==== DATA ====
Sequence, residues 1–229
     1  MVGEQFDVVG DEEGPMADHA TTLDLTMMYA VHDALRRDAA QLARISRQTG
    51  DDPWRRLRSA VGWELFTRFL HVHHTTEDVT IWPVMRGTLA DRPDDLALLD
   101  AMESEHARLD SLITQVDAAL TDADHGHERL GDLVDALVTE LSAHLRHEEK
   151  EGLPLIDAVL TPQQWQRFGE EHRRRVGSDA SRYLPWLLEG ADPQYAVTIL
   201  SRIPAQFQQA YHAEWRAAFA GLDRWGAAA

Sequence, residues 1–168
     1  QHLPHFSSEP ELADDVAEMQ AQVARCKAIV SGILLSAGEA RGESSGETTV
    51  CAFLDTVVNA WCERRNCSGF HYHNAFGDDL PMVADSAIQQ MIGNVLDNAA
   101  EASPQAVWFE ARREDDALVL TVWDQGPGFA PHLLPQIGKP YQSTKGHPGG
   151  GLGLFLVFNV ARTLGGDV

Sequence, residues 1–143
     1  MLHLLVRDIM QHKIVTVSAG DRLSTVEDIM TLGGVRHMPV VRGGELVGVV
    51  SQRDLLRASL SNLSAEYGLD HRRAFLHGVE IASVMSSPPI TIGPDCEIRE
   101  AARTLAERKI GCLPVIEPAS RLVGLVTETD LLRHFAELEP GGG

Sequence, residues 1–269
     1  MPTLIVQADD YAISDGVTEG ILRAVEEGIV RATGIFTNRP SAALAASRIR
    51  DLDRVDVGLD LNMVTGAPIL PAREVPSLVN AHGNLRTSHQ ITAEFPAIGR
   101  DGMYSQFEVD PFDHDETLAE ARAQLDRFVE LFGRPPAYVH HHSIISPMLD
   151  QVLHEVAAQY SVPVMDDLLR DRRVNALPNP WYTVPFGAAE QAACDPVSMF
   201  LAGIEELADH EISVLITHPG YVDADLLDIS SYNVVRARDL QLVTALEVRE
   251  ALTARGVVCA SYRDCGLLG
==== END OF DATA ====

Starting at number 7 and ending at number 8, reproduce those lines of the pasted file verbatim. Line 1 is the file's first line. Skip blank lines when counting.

Sequence, residues 1–168
     1  QHLPHFSSEP ELADDVAEMQ AQVARCKAIV SGILLSAGEA RGESSGETTV